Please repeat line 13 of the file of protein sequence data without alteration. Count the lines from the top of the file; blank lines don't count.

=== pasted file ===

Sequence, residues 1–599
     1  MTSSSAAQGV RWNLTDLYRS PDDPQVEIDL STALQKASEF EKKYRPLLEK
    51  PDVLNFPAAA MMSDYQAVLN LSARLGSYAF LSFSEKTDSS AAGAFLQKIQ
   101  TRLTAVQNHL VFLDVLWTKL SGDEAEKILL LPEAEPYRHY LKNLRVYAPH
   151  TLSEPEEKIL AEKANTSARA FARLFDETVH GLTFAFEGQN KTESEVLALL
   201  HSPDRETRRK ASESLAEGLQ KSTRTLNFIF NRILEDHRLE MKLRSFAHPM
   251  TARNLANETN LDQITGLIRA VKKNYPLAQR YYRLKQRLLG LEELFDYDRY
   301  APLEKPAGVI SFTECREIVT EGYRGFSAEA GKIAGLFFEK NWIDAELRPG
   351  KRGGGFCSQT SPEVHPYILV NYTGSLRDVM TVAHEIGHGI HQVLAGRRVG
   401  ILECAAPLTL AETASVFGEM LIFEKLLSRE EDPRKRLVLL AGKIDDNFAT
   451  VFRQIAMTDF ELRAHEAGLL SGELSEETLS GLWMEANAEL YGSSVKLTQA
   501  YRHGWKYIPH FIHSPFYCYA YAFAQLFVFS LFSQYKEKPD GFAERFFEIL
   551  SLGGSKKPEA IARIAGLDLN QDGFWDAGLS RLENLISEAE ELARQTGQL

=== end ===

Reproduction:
   551  SLGGSKKPEA IARIAGLDLN QDGFWDAGLS RLENLISEAE ELARQTGQL